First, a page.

But the worst omission of all by your faithful narrator occurred at the very bottom of my rating sheet. I gave the Chiefs a D without recognizing the fact that they stole a good, tough lineman, John Welbourn, from the Eagles for a No. 5. This gets them up to a C-, and if he does a good job filling in for the departed RT John Tait, then I could raise the grade to almost anything within reason, but, of course, it'll be too late by then.

The Flaming Redhead, overlooking Gruyere, Switzerland.

OK, Linda, I've covered the heavy stuff. Can I do my E-mailers of the Week now? You're nodding yes? Thank you. Taha Champsi of Brookline, Mass., is my Co-E-mailer of the Week because 1) he demands that a picture of the Flaming Redhead be posted, and so it is, and 2) he comes up with a really daffy idea about overtime. Yes, loony, but wonderful in a way. Bring both coaches to the center of the field and hold an auction for field position. If you want the ball, you have to bid on where you get it. Mike Martz says, "I bid our own 15-yard line." Dennis Erickson counters, with "Our own 10." Martz says, "Our own seven." Sold. Erickson has dropped out of the bidding, and the Rams get the ball on their own seven-yard line.

I love stuff like this. Of course it hasn't the ghost of a chance of ... ah, hell, everybody knows that already ... but what a fertile imagination has our champ, Mr. Champsi. It's like the old World War I movie, All Quiet on the Western Front, when one of the Tommies suggests settling World War I by having Kaiser Bill and Lloyd George strip down and duke it out.

The other E-mail Award goes to Craig Smith of Eau Claire, Wisc., because he provided a TV howler that I somehow missed, probably because I was gabbing with someone in the draft room and didn't have my headphone plugged in. Craig reports that Merrill Hoge mentioned that one draftee was "the kind of guy you'd like to see your wife marry." Now this award comes with an asterisk. If Merrill never really said it, and I get a nasty letter from ESPN, then I'm withdrawing the honor and putting the bloodhounds on your scent, Craig. If he really did, then it reminds me of one of my favorite quotes, and as you know, I'm always ready to lay a story on you.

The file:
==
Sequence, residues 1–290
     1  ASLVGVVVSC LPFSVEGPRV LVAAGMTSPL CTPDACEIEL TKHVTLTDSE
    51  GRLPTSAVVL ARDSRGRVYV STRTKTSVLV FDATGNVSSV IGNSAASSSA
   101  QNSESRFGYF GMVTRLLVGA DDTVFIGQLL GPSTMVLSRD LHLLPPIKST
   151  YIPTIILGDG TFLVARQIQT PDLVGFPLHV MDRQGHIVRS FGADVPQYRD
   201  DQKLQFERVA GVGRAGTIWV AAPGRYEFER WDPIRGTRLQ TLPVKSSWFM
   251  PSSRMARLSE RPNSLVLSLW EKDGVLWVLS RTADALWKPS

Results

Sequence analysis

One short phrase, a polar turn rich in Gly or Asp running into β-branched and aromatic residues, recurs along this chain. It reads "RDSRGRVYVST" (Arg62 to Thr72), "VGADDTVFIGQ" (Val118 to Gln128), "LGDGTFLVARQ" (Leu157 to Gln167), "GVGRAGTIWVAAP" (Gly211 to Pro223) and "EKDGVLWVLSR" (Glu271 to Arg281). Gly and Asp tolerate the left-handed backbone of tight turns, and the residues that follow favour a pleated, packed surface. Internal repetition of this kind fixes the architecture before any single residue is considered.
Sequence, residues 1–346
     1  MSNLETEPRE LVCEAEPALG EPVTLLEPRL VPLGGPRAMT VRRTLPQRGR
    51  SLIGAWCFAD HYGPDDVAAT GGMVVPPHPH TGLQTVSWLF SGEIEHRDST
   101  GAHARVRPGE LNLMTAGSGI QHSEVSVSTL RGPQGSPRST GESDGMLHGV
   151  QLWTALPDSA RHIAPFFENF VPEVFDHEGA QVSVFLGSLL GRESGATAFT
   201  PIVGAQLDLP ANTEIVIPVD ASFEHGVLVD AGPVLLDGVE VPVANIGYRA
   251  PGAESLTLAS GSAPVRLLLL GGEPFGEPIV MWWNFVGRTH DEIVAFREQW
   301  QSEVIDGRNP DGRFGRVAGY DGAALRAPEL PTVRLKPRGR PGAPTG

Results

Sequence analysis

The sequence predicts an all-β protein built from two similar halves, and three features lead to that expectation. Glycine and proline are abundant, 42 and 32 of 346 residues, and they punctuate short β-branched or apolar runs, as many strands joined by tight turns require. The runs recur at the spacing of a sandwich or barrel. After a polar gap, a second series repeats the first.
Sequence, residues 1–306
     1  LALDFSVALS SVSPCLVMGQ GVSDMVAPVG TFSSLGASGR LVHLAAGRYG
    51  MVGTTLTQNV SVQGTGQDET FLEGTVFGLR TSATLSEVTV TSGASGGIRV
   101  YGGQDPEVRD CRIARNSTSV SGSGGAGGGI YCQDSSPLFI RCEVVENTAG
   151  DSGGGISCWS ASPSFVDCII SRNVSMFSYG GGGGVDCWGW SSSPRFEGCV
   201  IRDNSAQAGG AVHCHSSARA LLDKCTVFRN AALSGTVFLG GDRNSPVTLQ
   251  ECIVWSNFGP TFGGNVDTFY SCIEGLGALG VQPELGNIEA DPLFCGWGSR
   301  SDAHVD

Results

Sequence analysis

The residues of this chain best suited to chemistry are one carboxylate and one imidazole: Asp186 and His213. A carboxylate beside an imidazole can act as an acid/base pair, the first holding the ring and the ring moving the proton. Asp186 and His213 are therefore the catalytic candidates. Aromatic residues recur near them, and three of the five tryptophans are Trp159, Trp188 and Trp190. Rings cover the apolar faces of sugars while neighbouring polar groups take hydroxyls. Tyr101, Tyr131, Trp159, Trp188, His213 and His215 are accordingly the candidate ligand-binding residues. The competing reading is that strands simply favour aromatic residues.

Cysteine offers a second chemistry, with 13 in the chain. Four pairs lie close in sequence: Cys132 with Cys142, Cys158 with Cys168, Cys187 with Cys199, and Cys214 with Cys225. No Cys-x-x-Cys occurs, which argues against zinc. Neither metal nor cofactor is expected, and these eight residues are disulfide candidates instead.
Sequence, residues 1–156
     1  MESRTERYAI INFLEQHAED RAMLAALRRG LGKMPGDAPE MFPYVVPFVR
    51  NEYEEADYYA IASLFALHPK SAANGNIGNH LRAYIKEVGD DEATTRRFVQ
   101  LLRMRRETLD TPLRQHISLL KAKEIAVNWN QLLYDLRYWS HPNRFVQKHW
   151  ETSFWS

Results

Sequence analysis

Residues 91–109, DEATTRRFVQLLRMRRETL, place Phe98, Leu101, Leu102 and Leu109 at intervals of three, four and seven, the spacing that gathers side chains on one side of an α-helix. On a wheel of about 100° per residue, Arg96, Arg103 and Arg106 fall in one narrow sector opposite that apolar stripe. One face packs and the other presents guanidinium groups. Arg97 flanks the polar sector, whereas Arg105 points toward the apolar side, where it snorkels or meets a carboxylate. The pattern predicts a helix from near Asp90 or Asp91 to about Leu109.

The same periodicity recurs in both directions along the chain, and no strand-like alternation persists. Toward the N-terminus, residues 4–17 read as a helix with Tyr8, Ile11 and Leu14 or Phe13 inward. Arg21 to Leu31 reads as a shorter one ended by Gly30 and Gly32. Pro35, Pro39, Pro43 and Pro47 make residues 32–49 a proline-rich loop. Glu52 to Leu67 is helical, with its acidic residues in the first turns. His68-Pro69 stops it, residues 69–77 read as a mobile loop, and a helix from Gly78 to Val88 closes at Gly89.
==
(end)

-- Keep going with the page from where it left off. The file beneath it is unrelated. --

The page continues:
It was about a million years ago and I had just covered a Mets game for the New York Post, or maybe it was the World-Telegram & Sun. Afterward I was having a drink in the press lounge with Phil Pepe of the Daily News and Mets announcer Ralph Kiner, who once was married to the Golden Girl of Tennis, Carol Fageros, and was the victim of a very costly divorce. Phil was reading aloud a news story about a guy named Bender in Boston who broke the world's record for a price paid for a single bottle of wine, $6,000 and change, for a bottle of 19th-century Chateau Lafite Rothschild (the record is now well into six figures).

"What would ever be the occasion for drinking a $6,000 bottle of wine?" Phil asked.

"Just one," Kiner said. "When your ex-wife remarries."

From John of Amityville, N.Y.: "Why did Texas Tech's pass-happy QB, B.J. Symons last until the seventh round of the draft?" Wow, that is a weird one, isn't it? I sure saw a lot of lesser talent go before he was picked. I think the league is just prejudiced against wide-open, run-'n-shoot quarterbacks, going back to notable busts such as David Klingler and Andre Ware. But my God, the guy really did put up some numbers, didn't he? I mean, 661 yards and six TDs against Ole Miss, 505 yards and eight TDs against Texas A&M. Whoosh and whoosh and away we go ... turn him loose, fellas, and watch out! Oddly enough, it was the Texans who took Symons, and they've got a highly rated young QB of their own in David Carr. All I can think of is that the league is leery of these shotgun babies once they have to take the snap from under center. Thanks for the kind words, John, and I got rid of the beard because my face kept itching.

The aforementioned Will of Arlington (You say you don't remember him? C'mon, he was the guy who was annoyed that I didn't include the Skins trade in my draft stuff) is looking for a good Riesling or Gewurztraminer under $25. And then he says he is partial to Alsatian wines, which are dear to my heart as well. Just remember that Alsatian Rieslings are fermented dry. They're not like the sweeties of Germany or those pissy little things from California. And Alsatian Gewurzes are heavy on the spice and light on sugar, which is the defining element in, again, the California offerings. Hugel and Trimbach are the big names in Alsace. Had a fine Hugel Gewurz the other day, and well within your price range. I used to love the Trimbach wines, but I've been disappointed in them for quite a while now. But their single-vineyard Rieslings, which are expensive, the Clos Ste. Hune and Cuvee Friedrich Emile, are very good indeed. For rich, full bodied Alsatian wines, my two favorites are Domaine Weinbach and Zind Humbrecht, and for a sparkler, I really like the Cremant from Pierre Sparr. Thanks for your kind comments about the Flamer.